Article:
I desperately miss writing here, and I log in all the time, look around, write down notes for posts, and then go away.
Here’s the thing: I am trying to be good to myself and good about myself, meaning that I am trying to treat myself well and trying to be thoughtful with how I present myself and to only write here when I feel like I have something to say. Full, thought-out ideas. And I haven’t had the energy to think things out because I’m still recovering from the depression I was in over the summer, and because work has been mentally and emotionally draining, and because I’m trying to develop new habits.
I really, really want to be writing. I’ve been writing a lot more, but not the kind of a lot I need to if I want to legitimately call myself a writer. I don’t like that, but because I have other things to take care of, like working enough to pay my bills and trying to stay healthy, I’m not able to make it a priority. I know lots of authors have jobs and kids and lives, and I only really have the first, and yet they make it work, and that’s great for them. Right now, I’m just not able.
But I’m making it a goal. I’ve read, and probably you have, too, that it takes something like two months to develop a habit. Right? Probably Self magazine told me that. At any rate, that doesn’t seem far off. It didn’t take long after I moved to Silicon Valley and started working at an institution that is powered by Google Apps for me to construct my life entirely around my Google Calendar. If you force them, habits happen. But I can’t put “writing” in my calendar on a daily basis yet. Not just yet. Continue reading
Birchbox Travel (Photo credit: donireewalker)
Lately I have been thinking to myself that I should switch from being a book blogger to a fashion and beauty blogger, just to get some
cooler different swag.
(I mostly kid. Please do not stop sending me book swag. I love the books. Forever. I might not have room for them in my apartment anymore, but they can share my bed.)
I would probably not be the best beauty or fashion blogger because, unlike when it comes to literature, I don’t have any specialized or advanced knowledge of this stuff. I recently started consistently wearing mascara. Sometimes I put on my primer and powder, too. For years, I was just an obsessive moisturizer and lip glosser. So this growing up, beauty-wise, is a big deal, friends. Anyway. I am trying to learn more about it (please read other of my blog entries to learn my general philosophy on fashion and beauty culture, the patriarchy, etc), because it’s high time I owned less clothing and beauty stuff but liked it more, looked better in it, and felt more confident in it. So I read magazines and blogs and sign up for things like Birchbox in order to get to that point where I have a general idea of what I’m doing.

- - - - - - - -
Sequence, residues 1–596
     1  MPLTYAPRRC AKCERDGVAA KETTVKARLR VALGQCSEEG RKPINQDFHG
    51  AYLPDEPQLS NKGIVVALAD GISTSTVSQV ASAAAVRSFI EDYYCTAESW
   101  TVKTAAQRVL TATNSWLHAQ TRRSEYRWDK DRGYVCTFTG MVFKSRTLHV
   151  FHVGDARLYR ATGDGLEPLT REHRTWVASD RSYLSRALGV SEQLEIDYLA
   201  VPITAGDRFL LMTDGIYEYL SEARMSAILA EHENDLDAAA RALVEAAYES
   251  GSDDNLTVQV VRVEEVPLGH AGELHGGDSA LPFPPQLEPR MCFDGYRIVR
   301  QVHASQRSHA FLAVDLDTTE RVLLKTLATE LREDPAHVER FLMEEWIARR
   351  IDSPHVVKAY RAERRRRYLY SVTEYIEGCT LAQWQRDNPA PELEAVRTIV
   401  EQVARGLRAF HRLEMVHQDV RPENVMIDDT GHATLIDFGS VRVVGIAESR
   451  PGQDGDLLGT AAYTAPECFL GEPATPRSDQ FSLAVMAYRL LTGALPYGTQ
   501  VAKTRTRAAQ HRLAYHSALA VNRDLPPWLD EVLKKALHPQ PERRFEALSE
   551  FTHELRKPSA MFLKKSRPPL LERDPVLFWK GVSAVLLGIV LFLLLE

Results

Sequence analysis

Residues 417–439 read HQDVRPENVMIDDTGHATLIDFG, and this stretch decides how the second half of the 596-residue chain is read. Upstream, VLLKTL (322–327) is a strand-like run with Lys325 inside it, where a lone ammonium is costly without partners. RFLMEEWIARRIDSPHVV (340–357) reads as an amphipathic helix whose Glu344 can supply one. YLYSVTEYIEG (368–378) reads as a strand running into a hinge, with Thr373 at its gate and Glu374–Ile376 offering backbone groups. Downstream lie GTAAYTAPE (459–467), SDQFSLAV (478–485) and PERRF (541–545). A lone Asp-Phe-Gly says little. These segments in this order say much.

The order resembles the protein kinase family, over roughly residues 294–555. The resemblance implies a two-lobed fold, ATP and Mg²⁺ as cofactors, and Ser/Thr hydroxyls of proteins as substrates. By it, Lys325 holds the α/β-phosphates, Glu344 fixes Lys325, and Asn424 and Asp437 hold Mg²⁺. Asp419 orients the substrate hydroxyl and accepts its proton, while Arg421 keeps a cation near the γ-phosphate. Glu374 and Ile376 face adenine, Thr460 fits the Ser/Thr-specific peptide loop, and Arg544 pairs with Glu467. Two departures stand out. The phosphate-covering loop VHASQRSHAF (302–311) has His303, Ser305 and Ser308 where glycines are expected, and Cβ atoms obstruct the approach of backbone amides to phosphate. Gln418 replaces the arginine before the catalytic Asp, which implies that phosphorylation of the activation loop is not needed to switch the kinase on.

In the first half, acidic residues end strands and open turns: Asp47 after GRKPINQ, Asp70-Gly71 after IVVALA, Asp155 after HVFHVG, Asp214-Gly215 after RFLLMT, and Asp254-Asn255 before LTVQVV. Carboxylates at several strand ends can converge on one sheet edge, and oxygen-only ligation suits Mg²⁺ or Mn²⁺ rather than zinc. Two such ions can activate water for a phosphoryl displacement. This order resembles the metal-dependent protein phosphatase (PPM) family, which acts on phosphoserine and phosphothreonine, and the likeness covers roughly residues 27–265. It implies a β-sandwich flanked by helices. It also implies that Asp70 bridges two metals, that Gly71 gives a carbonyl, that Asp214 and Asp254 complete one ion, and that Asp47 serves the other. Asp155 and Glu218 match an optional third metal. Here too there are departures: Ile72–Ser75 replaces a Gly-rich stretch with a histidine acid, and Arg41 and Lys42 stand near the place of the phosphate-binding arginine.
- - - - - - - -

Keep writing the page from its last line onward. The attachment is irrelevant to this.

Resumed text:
Bookish people still have physical embodiments of their bookishness that needs to look presentable, and also, some of us, at least, happen to like the fun that comes with looking presentable, as blogs like Librarian Wardrobe will attest. This is why I have an entire Pinterest page dedicated to bookish, smartgirl, quirky clothing that I would love to have in my wardrobe in lieu of the things I have left over from college and 25 pounds ago. Continue reading
Since I’m still plugging away at Fifty Fifty Me (if all 12 months of the year were like my last three, I might actually be in danger of not fulfilling the reading requirement – that’s not a problem because I have already read a gazillion things this year, but regardless, I still feel like a failure), I watched a documentary on Netflix the other day. It’s called Busting Out, and it’s about boobs, which is one of my favorite topics EVAR. I have tons of thoughts on the topic, based in gender and sex roles, in my self esteem issues as a teenager (it is damaging to weigh about 100 pounds as a teen and hear a dummy Victoria’s Secret employee say that if their bras don’t work for you – since, you know, they’re required to size you incorrectly – you should go to Lane Bryant), and in my general sociological interest of the world. So I was so excited to watch something that purported to be about all these things.
While you can tell very easily that it’s incredibly low budget, the movie’s not horrible. It’s also short – barely an hour – so if you want to view it and consider using it in a classroom or Girl Scout troop or something, it’s probably a great candidate. It’s one of those personal journey documentaries that also deals with some history and interviews, which was a little disappointing, because I was expecting a bit more focus on history/sociology/anthropology/etc. There was a little of everything, under the general umbrella of exploring why Americans think boobs are so fascinating and yet so gross and yet in other parts of the world, they’re not sexualized at all. Continue reading